Keeping Students Connected During the Coronavirus Outbreak
Bowling Green, Ky. (April 7, 2020) - In today’s technology age, the internet is used for much more than just connecting with friends and family; it helps us pay our bills, stay up to date with current news, apply for jobs, and even get an education. Due to the coronavirus outbreak, the internet is now a necessity for many people to maintain their day-to-day routines, especially for students.
To slow the spread of the COVID-19, almost all K-12 Ohio schools have switched to online learning. Yes, this may be an effective alternative way of teaching, but it creates problems for students who do not have high-speed internet access at home. Those students are being left behind because of a lack of resources.
According to statistics from ohiobythenumbers.com, nearly 1.7 million students attend public schools in the state of Ohio. Connected Nation Ohio (CN Ohio) survey results also showed that 25 percent of respondents said they have school-aged children who do not have at-home internet access. By applying that figure to the number of kids statewide, that gives us an estimate of nearly 418,000 students without home internet service across the state.
“Too many of Ohio’s kids are going without the instruction they need simply because they do not have adequate access to broadband,” said Tina Lyden, State Program Director, Connected Nation Ohio. “For many of these children and their families, libraries were one solution for the need for internet access, but because of the response to COVID-19, libraries are understandably closed. That means we must find other ways to help those who find themselves on the wrong side of the Digital Divide—so that all of Ohio’s children can continue their education.”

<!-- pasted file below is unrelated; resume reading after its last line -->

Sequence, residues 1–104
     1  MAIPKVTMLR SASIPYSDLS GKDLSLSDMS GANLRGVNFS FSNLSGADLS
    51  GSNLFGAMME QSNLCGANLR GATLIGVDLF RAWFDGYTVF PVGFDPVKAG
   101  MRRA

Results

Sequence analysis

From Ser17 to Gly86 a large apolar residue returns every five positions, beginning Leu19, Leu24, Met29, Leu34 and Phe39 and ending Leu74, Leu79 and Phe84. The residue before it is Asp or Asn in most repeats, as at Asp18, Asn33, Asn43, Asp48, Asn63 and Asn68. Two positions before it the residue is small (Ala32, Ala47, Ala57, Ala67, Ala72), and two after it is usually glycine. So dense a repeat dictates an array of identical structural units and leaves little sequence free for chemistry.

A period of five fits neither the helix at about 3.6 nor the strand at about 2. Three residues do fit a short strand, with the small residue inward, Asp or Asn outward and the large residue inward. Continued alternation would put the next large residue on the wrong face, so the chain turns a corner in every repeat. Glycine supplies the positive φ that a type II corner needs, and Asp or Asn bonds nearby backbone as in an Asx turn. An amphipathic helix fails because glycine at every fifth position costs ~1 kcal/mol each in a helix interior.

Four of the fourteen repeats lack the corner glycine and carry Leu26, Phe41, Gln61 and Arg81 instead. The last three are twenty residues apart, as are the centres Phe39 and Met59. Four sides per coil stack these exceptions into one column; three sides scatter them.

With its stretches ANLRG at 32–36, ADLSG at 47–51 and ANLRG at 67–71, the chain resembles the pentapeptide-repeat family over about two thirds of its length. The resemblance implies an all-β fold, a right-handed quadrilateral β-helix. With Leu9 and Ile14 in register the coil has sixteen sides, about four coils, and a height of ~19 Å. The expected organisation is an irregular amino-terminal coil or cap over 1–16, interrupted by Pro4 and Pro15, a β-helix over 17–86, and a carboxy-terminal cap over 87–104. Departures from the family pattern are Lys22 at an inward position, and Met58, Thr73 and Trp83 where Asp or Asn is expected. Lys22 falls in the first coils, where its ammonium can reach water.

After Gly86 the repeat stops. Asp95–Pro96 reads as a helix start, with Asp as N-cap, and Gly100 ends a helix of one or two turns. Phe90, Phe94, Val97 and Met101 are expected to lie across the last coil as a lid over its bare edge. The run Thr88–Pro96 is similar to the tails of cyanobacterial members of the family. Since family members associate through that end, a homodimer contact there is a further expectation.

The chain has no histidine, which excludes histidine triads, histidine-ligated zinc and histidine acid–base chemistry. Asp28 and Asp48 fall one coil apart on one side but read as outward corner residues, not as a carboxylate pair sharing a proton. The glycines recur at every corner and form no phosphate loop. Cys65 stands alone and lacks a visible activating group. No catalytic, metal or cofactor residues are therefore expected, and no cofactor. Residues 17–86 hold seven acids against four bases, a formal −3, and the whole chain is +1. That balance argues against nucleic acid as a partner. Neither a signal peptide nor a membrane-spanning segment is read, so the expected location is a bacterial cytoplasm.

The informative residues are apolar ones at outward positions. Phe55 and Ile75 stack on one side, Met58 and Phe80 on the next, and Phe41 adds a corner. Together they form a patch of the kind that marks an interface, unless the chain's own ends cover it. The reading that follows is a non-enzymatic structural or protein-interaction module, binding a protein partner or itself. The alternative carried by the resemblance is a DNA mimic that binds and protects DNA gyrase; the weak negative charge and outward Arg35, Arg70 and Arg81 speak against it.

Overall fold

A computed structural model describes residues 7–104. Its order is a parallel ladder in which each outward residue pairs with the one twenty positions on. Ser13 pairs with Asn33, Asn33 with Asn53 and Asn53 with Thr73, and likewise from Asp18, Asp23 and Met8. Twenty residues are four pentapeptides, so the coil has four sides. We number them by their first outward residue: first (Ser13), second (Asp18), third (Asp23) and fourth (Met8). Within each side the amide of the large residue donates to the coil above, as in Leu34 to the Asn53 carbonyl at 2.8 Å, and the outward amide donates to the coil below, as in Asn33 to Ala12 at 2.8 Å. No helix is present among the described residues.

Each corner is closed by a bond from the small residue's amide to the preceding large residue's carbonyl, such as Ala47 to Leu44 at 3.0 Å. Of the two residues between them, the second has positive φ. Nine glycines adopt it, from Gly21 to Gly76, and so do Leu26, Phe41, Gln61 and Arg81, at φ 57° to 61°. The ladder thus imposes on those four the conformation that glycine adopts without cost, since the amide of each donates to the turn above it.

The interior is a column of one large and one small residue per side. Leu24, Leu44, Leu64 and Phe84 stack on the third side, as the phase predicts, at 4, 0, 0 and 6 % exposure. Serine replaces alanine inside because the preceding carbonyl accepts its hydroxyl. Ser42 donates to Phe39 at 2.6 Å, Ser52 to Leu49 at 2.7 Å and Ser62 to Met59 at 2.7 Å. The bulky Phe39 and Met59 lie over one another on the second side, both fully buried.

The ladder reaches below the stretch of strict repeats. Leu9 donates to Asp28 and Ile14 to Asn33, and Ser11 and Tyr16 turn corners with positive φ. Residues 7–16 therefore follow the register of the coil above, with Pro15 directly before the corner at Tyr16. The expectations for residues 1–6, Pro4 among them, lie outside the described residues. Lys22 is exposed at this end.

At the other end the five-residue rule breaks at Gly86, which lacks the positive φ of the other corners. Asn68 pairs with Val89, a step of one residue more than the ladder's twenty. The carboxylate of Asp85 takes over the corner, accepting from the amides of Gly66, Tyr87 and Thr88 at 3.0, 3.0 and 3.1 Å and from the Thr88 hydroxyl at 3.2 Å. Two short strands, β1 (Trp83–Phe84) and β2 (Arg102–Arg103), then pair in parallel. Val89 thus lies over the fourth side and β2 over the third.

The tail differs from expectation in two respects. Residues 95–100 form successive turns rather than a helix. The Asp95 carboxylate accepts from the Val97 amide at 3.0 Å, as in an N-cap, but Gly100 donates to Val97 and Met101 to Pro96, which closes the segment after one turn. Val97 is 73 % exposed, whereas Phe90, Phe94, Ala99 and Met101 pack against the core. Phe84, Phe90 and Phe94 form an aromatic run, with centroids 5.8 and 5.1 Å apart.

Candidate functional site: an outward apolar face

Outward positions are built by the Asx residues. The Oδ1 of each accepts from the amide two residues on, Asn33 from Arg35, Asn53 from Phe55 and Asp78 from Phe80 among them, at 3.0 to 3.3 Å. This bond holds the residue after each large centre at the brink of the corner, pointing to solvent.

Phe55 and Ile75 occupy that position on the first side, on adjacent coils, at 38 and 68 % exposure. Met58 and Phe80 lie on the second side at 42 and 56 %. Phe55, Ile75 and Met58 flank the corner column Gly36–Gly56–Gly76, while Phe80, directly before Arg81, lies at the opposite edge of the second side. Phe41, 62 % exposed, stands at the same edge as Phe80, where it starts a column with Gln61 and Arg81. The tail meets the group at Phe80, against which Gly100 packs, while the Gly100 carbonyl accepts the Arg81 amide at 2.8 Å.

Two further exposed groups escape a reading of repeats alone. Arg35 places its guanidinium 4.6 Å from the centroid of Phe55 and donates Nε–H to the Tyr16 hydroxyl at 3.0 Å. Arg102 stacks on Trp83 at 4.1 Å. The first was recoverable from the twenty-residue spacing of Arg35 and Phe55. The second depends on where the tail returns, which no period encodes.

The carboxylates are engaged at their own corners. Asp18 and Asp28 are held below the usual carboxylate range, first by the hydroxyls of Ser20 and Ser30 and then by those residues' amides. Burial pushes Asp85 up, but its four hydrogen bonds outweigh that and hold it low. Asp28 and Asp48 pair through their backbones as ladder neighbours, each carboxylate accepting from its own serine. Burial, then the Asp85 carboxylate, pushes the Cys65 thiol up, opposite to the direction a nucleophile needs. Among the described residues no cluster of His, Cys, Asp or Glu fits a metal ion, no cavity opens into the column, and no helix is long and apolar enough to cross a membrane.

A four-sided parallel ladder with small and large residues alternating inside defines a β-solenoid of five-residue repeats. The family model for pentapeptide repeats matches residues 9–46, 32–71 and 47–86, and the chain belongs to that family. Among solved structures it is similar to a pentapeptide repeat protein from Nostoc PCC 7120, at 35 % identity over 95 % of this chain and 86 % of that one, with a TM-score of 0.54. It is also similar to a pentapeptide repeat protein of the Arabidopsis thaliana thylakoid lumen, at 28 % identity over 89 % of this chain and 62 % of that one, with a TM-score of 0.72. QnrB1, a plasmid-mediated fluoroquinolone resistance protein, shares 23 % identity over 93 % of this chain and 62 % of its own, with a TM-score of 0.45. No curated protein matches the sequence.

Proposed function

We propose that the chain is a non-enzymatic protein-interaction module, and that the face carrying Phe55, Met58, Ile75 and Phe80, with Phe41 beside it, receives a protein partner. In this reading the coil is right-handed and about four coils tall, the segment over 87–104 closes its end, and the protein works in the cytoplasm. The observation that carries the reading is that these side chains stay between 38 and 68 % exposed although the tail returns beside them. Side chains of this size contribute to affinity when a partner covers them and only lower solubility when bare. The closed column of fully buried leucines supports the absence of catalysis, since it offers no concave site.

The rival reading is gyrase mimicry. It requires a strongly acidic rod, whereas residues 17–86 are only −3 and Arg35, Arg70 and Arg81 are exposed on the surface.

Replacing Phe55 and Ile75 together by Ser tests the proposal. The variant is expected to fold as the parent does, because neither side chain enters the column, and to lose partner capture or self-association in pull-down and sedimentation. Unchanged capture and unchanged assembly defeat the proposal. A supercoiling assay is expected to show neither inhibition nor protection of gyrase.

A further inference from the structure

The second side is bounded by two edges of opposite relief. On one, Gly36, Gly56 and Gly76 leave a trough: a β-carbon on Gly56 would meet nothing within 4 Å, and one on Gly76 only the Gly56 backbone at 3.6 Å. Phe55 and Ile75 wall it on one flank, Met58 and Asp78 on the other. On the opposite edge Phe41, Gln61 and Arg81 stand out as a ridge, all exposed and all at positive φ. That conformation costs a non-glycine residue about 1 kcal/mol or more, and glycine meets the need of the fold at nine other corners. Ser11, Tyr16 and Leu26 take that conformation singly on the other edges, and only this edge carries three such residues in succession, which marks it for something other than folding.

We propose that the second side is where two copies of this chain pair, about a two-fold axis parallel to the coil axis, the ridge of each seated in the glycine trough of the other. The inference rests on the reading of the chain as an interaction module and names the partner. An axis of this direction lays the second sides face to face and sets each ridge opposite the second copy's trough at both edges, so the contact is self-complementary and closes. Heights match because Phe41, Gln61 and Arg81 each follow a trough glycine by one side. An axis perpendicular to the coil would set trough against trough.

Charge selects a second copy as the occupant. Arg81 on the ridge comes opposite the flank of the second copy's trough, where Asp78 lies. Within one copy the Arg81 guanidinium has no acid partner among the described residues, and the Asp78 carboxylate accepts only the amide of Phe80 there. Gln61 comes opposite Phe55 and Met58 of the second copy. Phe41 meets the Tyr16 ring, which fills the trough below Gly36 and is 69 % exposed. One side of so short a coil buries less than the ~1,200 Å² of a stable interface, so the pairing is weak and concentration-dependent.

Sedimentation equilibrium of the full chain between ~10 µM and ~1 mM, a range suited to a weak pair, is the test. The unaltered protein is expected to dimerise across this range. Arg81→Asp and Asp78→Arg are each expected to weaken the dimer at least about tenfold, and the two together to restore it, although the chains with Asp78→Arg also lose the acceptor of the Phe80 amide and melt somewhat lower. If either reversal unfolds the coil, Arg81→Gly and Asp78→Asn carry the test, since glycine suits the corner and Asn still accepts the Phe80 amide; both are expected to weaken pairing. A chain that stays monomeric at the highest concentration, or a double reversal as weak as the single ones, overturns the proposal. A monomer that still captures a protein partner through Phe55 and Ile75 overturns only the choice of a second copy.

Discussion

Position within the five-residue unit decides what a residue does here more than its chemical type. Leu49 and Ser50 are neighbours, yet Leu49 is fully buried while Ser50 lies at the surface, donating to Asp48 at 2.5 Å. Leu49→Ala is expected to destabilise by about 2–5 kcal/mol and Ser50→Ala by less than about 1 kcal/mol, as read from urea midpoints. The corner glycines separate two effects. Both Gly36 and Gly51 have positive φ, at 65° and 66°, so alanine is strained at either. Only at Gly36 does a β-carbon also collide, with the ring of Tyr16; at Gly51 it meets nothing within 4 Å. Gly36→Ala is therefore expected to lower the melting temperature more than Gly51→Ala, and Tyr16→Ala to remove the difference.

In this critical time, we need to find better ways to connect these students. According to the U.S. Congress Joint Economic Committee, nearly 12 million school-aged children in the U.S. lack adequate internet access. This limits students' ability to complete their work creating a “homework gap.”
But now that almost all students are learning from home due to the coronavirus outbreak, the need for better broadband access is much higher. Without it, students will fall behind and not be able to complete their required work.
“We’ve long talked about the Homework Gap in this country, but what’s happening now is much worse: We’re moving to a School Day Gap,” said Tom Ferree, Chairman & CEO, Connected Nation. “Children without internet access are getting no instruction at all now that schools across the country have closed. Depending on how long we find ourselves in this situation, this gap could affect their lives for years to come and even pose a generational problem if solutions aren’t found.”
We are in need of closing the Digital Divide now more than ever. Connected Nation can use your help in supporting our mission. Head over to our website www.connectednation.org and share some of our articles to raise awareness!